A large crowd showed up at South Eastern's school board meeting last week following a recent proposal by the superintendent to cut 17 teachers.
The meeting was held in the South Eastern Middle School-East auditorium to accommodate the crowd, but did not include a direct discussion of Superintendent Rona Kaufmann's proposal.
Kaufmann said more of that will be done at 6 p.m. Monday and Tuesday during budget meetings.
Concerns: But when members of the public got their chance to talk, several parents, students and teachers voiced their concern. Some worried about class size or what would happen to a favorite teacher.
Niko Hulslander drew long applause after he spoke at length with his fifth-grade son at his side. Hulslander said his wife, Dyan, taught the children of five members of the school board.
The SEMS-West fifth-grade teacher is one of the 17 teachers who have been informed they could be among those let go, he said.
Although she has been teaching at South Eastern for more than a decade, she took a year off after 10 years to help Niko with his business. A technicality in the collective bargaining agreement, which calls for furloughs based on years of continuous service, means she's on the chopping block since her rehire date is recent.
More than just the technicality, Niko was most concerned that South Eastern was prepared to cast off a teacher with years of experience and whose children attend the same school she teaches in.
"Ten years of her service does not matter," he said to the board.
"My heart was breaking for her," added substitute teacher Joanne Bennett. Bennett told the board she covered for Hulslander's class the day Hulslander was informed she was among the possible furloughs.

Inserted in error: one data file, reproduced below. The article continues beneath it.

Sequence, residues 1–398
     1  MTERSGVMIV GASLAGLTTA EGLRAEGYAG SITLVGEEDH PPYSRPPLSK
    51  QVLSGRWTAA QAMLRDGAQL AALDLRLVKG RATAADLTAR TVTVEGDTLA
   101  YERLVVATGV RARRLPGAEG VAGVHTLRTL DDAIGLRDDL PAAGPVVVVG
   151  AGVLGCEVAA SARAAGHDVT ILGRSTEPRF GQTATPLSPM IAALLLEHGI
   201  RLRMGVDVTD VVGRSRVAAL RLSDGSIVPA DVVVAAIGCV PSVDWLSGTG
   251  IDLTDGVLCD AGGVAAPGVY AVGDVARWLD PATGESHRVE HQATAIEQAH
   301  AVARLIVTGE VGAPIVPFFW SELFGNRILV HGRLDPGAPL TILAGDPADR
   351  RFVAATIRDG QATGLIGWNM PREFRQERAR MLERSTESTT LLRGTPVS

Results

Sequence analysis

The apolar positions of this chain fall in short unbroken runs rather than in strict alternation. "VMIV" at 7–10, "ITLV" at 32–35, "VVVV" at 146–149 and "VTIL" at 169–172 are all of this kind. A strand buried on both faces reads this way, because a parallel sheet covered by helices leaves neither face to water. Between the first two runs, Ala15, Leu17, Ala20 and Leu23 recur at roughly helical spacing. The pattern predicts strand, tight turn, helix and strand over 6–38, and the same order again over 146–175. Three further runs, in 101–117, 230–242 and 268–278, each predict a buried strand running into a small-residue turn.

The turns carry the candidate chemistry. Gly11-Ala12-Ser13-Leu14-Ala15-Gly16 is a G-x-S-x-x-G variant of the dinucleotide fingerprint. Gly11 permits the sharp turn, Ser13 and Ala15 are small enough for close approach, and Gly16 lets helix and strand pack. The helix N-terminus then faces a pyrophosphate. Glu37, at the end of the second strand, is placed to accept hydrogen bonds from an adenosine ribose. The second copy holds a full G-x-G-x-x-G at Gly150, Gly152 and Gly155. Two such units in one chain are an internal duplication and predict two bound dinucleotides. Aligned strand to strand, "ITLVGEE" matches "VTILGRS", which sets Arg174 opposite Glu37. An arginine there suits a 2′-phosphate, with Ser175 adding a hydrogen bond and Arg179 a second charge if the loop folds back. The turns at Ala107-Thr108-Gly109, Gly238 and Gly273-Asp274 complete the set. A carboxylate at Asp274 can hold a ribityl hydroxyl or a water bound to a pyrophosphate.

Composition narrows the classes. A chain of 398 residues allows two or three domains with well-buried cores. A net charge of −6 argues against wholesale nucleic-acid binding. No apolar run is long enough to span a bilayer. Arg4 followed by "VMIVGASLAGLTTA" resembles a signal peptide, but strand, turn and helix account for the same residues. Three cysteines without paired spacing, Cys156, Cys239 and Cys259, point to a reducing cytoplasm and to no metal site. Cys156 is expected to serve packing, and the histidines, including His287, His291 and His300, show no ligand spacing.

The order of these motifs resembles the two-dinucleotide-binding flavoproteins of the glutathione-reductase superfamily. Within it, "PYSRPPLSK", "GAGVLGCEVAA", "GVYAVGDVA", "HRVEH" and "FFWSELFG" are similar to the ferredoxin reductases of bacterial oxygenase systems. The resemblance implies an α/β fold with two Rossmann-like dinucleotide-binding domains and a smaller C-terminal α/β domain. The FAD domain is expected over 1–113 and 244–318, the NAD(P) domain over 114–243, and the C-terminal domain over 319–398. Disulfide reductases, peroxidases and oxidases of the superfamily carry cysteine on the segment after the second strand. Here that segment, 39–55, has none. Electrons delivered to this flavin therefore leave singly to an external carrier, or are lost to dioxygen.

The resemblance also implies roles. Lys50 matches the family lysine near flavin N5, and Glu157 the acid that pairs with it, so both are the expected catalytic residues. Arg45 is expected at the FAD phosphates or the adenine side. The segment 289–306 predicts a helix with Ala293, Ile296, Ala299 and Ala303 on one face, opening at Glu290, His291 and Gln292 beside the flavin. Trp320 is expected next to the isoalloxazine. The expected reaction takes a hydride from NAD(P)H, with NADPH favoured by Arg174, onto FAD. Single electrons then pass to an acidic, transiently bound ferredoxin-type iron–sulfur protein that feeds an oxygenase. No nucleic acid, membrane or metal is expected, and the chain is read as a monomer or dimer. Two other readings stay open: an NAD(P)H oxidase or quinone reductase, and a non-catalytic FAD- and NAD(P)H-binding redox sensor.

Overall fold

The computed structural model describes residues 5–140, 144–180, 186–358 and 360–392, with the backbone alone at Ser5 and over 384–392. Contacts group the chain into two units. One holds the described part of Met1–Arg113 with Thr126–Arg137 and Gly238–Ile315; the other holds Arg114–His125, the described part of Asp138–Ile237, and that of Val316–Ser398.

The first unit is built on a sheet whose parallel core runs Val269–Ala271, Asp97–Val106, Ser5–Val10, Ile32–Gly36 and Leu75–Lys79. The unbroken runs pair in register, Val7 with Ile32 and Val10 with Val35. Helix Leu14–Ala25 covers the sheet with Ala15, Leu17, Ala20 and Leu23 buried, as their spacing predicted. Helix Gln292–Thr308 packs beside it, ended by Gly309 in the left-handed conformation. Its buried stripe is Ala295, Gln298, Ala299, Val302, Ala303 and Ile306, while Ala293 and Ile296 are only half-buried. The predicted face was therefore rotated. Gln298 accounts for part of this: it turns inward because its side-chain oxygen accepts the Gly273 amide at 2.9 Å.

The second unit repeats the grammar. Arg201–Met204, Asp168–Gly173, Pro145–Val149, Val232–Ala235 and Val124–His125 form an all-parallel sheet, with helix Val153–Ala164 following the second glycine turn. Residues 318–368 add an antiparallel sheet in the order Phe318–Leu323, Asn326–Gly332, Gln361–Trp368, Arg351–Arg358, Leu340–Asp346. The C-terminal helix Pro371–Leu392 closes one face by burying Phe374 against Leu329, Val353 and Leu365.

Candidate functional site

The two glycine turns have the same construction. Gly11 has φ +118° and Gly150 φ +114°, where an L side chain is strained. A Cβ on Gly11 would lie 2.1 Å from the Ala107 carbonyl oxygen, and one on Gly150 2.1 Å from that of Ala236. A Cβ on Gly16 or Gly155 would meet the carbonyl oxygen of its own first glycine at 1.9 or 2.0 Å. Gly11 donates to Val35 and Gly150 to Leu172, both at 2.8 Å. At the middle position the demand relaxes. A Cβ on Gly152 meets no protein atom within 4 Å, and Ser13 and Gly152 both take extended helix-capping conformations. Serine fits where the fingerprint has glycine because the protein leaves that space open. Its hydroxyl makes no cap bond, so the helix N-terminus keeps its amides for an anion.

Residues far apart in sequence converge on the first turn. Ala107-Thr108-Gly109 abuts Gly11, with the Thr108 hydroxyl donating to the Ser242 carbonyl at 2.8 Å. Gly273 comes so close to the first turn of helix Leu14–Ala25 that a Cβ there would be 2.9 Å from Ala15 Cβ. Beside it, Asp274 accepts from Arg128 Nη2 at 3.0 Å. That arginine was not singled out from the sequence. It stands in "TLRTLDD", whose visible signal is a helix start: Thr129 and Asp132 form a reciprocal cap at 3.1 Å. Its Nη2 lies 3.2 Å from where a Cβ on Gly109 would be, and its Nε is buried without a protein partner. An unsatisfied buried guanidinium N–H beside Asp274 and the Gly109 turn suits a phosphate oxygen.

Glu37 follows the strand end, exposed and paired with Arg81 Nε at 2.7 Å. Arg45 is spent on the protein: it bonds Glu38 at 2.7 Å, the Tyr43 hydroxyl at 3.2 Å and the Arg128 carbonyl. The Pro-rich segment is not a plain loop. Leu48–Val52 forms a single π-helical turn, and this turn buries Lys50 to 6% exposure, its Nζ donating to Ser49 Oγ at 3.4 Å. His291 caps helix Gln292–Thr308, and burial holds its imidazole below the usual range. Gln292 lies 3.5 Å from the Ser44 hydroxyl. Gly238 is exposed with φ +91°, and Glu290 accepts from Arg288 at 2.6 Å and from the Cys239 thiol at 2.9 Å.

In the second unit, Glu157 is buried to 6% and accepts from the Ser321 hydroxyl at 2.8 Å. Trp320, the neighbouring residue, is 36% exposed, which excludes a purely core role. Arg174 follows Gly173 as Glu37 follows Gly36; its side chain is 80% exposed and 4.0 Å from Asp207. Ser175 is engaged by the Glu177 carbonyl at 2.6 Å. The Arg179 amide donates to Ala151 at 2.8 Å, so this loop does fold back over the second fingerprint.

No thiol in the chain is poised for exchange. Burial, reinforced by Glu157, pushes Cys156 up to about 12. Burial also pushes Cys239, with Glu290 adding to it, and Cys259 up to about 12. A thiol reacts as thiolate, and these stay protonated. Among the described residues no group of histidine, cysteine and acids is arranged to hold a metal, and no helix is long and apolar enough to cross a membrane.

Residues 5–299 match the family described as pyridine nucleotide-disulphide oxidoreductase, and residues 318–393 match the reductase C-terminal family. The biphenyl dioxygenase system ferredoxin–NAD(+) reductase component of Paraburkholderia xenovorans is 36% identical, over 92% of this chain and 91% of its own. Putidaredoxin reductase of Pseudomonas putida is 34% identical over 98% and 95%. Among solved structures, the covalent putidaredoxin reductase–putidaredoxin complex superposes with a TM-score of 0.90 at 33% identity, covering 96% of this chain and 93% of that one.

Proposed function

Overstaffed: Kaufmann said she doesn't relish the idea of letting teachers go, but declining enrollment in recent years and a $3 million deficit have forced her hand.
"Honestly, we're just overstaffed," Kaufmann said Friday.
Only two teachers are retiring as of now, she said, below the normal rate of attrition for a school district.
"We just have to get staffing under control," she said.
Even if 17 teachers are let go, class sizes should only balloon by two to
three students, Kaufmann said.
She added that she has no control over who gets furloughed because it's all in the collective bargaining agreement. The school board has not yet decided, though, if it will pursue the furloughs, which could save South Eastern $900,000.
She does have another idea on the table that would result in some staff additions. The board is considering eliminating the midday bus run for half-day kindergartners, meaning parents would either have to drop off or pick up students.
The cost savings for the bus run could be put directly back into making those half-day classes into full-day, Kaufmann said, benefiting students academically, adding positions for teachers and helping parents logistically.
-- Reach Andrew Shaw at 505-5431 or firstname.lastname@example.org, or on Twitter @ydblogwork